Tuesday, December 13, 2011

Self Employed, Salaried or Hourly?

It might seem like an odd question given the difficulty many people are having landing a job these days, but I suppose that also makes it a great time to be thinking about it.  Should you shoot for a salaried position, an hourly pay scale, or go self employed and reap what you may?  I've done all three and I hope my experiences and reflection on what it has been like are helpful to the reader.

Self Employment

I've started three businesses in my life.  One still remains.  Owning your own business is an interesting, and at times, terrifying experience.  You get out of it what you put into it.  If you fail, it's no one's fault but your own.  If you succeed, you have tomorrow to contend with and striving yet again for success.  You're responsible for your own taxes, your own medical plan (if you chose one), insurance (if required) and so forth.  You have to be part salesman, part accountant, part customer service manager, and all CEO, laborer and gopher (unless you've got kids).  If you are good at what you do, you may be lucky enough to be able to hire some employees to help out... and then you have to worry about their taxes, their benefits (if you decide to offer them) and managing their time as well as your own.

Being self employed, once upon a time, was a very simple thing.  It's what most people did - learn a trade or skill or specialty, open up shop in your kitchen, barn or front room and set about making a name for yourself.  These days, regulations and laws intended to keep large companies in line make it so difficult to run a small business it's practically punitive and certainly provides much discouragement trying to make a go of it.  But, if you can keep yourself straight with the tax man and keep your customers happy, a little careful planning can take the one-man shop a long ways.

As a self employed individual, I was also contracting hourly.  I prefer hourly wages as it more accurately rewards my efforts and investment of time.  If I need more money for some big expense, I can drum up a bit more work to cover me.  If I am doing fine and don't need to kill myself, I can take every other Friday off.  Money exchanged for value on a scaled basis is very equitable, especially if you take the view that you negotiate what you need and reject that which is too low.  You're in charge.  Proceed with three parts confidence and one part fear and you'll do just fine.  You'll probably like the boss, too.  If you can't get a job due to a past criminal record or bad credit or just a lack of experience and resume, starting your own business can be a great way to establish yourself and build your own success.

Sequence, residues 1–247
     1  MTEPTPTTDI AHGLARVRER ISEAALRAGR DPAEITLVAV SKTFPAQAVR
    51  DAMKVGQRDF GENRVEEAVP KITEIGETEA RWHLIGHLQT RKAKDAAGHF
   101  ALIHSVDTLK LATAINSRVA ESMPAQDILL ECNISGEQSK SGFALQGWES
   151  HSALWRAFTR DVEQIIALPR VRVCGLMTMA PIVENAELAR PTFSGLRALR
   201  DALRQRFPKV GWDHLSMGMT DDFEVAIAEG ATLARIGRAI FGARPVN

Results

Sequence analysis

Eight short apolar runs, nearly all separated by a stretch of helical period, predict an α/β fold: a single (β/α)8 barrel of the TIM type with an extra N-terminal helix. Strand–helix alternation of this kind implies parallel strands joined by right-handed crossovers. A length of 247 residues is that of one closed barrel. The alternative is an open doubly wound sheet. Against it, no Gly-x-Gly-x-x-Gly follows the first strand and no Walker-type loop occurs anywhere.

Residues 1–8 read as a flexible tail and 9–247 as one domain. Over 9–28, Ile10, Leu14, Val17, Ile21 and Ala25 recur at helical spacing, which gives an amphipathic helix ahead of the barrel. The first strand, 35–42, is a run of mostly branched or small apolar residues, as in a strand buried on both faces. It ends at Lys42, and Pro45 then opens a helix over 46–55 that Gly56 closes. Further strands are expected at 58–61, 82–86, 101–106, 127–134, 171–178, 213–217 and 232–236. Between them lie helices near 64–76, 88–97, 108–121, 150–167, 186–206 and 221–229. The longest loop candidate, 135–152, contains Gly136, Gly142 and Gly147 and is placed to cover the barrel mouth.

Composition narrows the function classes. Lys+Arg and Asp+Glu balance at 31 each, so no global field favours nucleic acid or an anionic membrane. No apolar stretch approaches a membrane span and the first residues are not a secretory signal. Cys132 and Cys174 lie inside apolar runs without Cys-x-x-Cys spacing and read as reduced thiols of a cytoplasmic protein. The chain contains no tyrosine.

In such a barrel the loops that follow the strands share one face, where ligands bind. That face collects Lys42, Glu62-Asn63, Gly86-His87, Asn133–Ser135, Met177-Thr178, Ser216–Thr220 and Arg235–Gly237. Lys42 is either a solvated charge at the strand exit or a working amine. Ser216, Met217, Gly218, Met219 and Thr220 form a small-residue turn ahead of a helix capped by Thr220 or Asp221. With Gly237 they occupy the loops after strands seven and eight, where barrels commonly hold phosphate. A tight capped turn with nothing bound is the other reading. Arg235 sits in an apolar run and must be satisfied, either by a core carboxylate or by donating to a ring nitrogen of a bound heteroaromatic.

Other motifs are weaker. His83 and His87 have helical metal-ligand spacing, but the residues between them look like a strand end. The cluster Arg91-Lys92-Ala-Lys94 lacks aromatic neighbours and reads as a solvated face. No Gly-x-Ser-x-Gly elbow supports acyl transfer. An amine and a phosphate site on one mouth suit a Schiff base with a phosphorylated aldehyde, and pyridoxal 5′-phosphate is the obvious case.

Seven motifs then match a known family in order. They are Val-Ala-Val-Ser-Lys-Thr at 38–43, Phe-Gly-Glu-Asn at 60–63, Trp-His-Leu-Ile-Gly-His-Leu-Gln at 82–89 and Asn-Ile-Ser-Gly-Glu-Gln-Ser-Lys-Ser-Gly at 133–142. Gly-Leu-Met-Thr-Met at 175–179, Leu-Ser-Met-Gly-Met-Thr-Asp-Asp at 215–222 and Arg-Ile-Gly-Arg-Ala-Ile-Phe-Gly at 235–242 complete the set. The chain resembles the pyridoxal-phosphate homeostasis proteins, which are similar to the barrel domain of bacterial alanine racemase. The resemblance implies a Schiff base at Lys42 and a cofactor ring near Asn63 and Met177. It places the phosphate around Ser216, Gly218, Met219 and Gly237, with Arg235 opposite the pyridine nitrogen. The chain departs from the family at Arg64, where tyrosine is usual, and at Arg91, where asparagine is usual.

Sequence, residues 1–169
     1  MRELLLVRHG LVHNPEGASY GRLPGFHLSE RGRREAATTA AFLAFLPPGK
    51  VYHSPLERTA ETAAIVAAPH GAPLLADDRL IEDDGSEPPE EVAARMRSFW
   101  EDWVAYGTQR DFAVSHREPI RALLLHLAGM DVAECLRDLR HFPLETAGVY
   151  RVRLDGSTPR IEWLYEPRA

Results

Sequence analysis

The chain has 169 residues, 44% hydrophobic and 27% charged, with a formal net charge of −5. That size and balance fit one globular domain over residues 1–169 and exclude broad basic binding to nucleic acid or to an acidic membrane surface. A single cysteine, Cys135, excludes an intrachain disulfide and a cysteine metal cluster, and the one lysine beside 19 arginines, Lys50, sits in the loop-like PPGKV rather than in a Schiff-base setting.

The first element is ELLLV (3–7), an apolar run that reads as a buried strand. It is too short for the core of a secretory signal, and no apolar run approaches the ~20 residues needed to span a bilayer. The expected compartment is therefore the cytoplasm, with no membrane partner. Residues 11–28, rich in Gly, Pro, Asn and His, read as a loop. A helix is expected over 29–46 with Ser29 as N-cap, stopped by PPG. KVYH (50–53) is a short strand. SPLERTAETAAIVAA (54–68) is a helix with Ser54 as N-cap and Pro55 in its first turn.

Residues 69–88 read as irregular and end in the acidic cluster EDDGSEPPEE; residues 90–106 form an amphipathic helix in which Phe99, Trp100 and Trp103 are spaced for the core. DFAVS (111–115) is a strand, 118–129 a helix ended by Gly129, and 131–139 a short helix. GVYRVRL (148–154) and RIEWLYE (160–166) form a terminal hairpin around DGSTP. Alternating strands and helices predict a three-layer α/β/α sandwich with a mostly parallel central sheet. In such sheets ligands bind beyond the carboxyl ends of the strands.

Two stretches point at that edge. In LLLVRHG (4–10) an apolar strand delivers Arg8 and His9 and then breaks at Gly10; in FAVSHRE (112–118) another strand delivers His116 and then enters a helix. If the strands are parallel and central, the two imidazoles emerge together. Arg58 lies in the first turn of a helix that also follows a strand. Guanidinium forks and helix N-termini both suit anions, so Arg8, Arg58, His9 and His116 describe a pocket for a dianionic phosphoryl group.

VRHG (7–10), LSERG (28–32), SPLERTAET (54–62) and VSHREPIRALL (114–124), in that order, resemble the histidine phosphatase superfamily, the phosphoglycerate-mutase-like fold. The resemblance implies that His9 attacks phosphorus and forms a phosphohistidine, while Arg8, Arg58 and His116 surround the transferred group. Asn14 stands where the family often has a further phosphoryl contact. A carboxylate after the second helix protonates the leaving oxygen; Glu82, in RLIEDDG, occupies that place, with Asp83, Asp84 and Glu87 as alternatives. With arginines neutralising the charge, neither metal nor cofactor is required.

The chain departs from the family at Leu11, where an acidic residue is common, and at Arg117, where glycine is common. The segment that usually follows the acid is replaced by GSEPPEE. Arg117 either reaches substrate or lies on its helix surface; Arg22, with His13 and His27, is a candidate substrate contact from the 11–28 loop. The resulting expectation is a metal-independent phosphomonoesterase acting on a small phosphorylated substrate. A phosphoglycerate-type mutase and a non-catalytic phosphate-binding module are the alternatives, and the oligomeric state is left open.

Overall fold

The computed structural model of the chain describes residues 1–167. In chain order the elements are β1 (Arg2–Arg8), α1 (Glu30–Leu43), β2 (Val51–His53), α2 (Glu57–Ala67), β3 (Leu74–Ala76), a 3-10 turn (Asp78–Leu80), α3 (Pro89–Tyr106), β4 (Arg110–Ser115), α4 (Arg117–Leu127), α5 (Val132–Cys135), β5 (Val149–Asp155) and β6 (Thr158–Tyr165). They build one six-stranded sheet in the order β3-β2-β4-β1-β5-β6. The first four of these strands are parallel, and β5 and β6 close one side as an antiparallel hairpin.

Hourly Wage Earner

Working hourly for someone else, however, is another matter.  Especially where you're restricted to a set number of hours or expected to put in the minimum while observing unpaid vacation days.  Self employed, all vacation days are "unpaid", but you build that into the rate you charge. Being employed by someone else on an hourly basis takes a bit more negotiating, a willingness to walk away from the job if they're not meeting your expectations or needs, and a willingness to bend to their schedule rather than one you set.  You still have the equitable value for money paradigm, but you're likely viewed as just hourly labor that can be replaced easily.  It takes special care to build and maintain a good relationship with your employer so that you are the preferred choice for hourly work.  So, even if you're employed as an hourly worker, treat your employer like a customer and they will treat you like a preferred vendor.  Unless of course they're just exploiting you... in which case, walk.  No skin off your nose.  Don't be a chump.

Salaried Employee

Working salaried is a different mind set.  You're paid the same amount whether you work 8 hours or 12 hours a day.  Overtime is likely not paid (you're probably listed as exempt) unless you specifically negotiate it in your hiring package to be paid for OT.  Being salaried, the value for money exchange isn't as direct, but it's there.  You have to have a much longer view and should definitely be talking about performance bonuses and the like.  Working harder, earning more for the company should be rewarded.  Ask for it.  As a salaried individual, you have to advocate for your career more than yourself as a service provider but the relationship should still be viewed as a customer relations effort on your part.  Never fall into the trap of assuming you are indispensable just because you're a salaried employee (or associate as many companies call them these days), or the trap of assuming you are owed something you are not or that you are above certain work. 

In all cases, be humble but be honest - if you think the pay isn't fair or the work isn't your thing, say so, but be willing to try your best working at new things.  It always pains me when I hear someone say "I don't do that" or "it's not my core competence, so no thanks" when offered a chance to do something different.  I prefer to say "it's not my forte but I would really enjoy working on that with you.  Can you give me a (few hours / days / a week) to come up to speed on that (system / technology / process)?"  Opportunity knocks.  Don't send it away.  Realize though that not being the expert puts you at a disadvantage.  You'll need to have built a strong relationship with your customer to get the nod in a situation like this.

Where are you?

So, which is best?  It's up to you.  How do you work best?  Are you more motivated by the security you have with a steady paycheck in a salaried job, the reward for your every effort of an hourly wage or the many exciting things you get to challenge yourself with being self employed?  Knowing the answer to that will prepare you to find, or better yet - create, the perfect job for you.  Good luck, God speed!

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